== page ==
Baking with parchment paper makes things so much easier in your kitchen! We’d go so far as to say that looking back in time, it’s hard to think about how people reliably stopped their bakes from getting stuck in the tins.
In this article, we’re going to talk a little about baking with parchment paper, from the basics of what the paper is, to how you can get the best stuff for your kitchen.
What is parchment paper?
Parchment paper is a really interesting solution to a problem that plenty of kitchens face. The core paper of a roll is made from cellulose, the same as any paper made from wood, bamboo, or other plant-based materials.
The paper is treated and coated with silicone, though, which allows the paper itself to have a properly non-stick surface to bake on. Silicone is a relatively inert material, which means that sugars, fats, and other typically sticky substances, simply cannot bind to it in the same way they can with metal or ceramic baking dishes.
How to get parchment paper to fit into containers
When baking with parchment paper, fitting it into a uniquely sized container can be a tricky thing. The reason for this is the same as the reason so many people loathe to wrap presents each Christmas – getting a flat sheet of paper to perfectly fit the irregular surface of anything is a huge challenge.
Thankfully, we’ve got a great way to help you when you’re baking with parchment paper.
This is a trick that we’ve seen in a few spots online, so we can’t trace back its exact origin. However, whoever did come up with it is surely a baking angel!
To make your parchment paper fit within a baking dish or loaf pan easily, simply cut off a sheet from the roll that’s too big. Then, scrunch it up into a ball in your hands, and give it a good squeeze. This will give you lots of creases on the silicone surface of the baking paper.
Unfurl the ball of parchment paper, and press it into all the nooks and crannies of your baking surface – it will suddenly be much more amenable to your poking! This might sound like an odd solution, but it works really well, and we encourage you to try it the next time you’re baking with parchment paper.
Should you dampen your parchment paper?
This is an interesting question! For a long time, we weren’t sure why people insisted on doing this in various recipes, but now that we’ve done a bit of research, it makes an awful lot more sense.
There are two main reasons why people do this.
First of all, if your parchment paper is particularly old or brittle, it can help with the scrunching process we outlined above. This means that, when baking with parchment paper, old or new, you’ll easily be able to make your paper fit the mold you’re using.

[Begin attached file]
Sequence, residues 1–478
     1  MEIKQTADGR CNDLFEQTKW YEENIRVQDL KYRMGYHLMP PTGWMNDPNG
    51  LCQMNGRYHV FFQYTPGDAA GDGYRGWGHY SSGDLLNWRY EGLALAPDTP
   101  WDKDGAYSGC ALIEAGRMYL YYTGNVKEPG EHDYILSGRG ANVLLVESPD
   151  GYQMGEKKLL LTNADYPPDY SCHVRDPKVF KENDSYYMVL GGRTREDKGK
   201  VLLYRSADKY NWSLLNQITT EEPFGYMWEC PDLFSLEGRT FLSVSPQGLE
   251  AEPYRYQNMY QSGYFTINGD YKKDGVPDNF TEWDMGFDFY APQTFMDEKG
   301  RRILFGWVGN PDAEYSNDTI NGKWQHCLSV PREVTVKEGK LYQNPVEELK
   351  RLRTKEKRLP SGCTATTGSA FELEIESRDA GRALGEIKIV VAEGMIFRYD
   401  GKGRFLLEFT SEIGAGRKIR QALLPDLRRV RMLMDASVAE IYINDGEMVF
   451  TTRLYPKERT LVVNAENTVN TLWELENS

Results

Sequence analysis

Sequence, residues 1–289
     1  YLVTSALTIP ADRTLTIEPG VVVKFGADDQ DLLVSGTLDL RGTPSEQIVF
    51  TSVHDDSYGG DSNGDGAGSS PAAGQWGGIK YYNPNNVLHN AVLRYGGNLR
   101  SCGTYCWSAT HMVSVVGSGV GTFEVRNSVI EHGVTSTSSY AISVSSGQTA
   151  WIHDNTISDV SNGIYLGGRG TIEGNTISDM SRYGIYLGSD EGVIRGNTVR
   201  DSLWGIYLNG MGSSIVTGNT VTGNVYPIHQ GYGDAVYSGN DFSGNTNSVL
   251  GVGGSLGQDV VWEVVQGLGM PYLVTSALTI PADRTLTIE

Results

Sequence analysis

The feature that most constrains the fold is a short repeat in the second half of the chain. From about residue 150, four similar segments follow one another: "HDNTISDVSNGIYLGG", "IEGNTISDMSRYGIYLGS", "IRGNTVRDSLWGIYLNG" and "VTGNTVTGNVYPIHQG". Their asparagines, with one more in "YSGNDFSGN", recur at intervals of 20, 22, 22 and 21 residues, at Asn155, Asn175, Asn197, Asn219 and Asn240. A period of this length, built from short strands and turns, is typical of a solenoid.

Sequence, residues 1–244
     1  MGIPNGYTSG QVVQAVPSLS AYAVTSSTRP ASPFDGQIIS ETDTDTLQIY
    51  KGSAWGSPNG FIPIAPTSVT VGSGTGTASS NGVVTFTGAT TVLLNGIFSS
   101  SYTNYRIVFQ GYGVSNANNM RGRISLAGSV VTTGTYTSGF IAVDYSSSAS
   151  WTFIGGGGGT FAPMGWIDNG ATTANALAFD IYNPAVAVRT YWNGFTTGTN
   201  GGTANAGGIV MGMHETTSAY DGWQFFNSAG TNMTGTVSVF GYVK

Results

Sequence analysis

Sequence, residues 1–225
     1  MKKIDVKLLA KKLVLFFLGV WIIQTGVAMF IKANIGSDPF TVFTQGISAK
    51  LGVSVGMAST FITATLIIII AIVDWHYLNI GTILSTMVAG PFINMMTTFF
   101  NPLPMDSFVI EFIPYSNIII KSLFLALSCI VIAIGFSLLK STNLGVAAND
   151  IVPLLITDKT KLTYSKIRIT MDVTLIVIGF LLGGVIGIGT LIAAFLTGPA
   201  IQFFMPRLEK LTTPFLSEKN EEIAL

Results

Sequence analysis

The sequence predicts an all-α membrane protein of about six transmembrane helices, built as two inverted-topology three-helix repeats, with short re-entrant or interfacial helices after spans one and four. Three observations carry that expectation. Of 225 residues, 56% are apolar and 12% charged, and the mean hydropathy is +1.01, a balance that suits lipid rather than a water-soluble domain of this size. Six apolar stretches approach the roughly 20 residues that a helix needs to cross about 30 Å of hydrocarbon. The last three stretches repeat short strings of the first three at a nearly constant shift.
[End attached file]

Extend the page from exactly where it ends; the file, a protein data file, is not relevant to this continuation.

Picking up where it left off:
The second reason is that it can help you to remove parchment paper from your mold really easily. A number of recipes suggest greasing your mold before adding parchment paper to make the baked item easier to remove. This can be frustrating, though, as you’ll need to deep clean the mold afterward, and deal with a piece of greasy parchment paper.
Using water when baking with parchment paper is a great way to get the benefit of easy removal, without the tricky grease cleanup later on.
How to find a great parchment paper
When you’re in the supermarket, every option will likely work great in your kitchen. To find the best one for you, though, we’d suggest considering the size, reusability, and compostability of the different options.
The size question is a fairly simple one. You need to pick a roll or a pack of pre-cut sheets that are larger than the thing you’ll be baking within.
The reusability question is a little trickier – some parchment paper options are reusable. In those circumstances, consider whether you’d want to reuse parchment paper, or if it would simply be easier to use it as a single-use option.
Finally, the compostability of parchment paper is important for such a single-use item. Some parchment papers out there can be composted at home, which means that you can take them from your oven and throw them straight on your compost pile. Baking with parchment paper is typically a one-and-done thing, so this is great for your sustainability footprint.
Of course, if you don’t compost at home, then you’re likely not to pay as much attention to this problem. Consider the disposal routes available in your home – it will pay off when you come to throw out the parchment paper.
We hope that we’ve been able to help you answer some burning questions about parchment paper, from the best way to use it in your kitchen, to how you can find good stuff in the supermarket. Happy baking!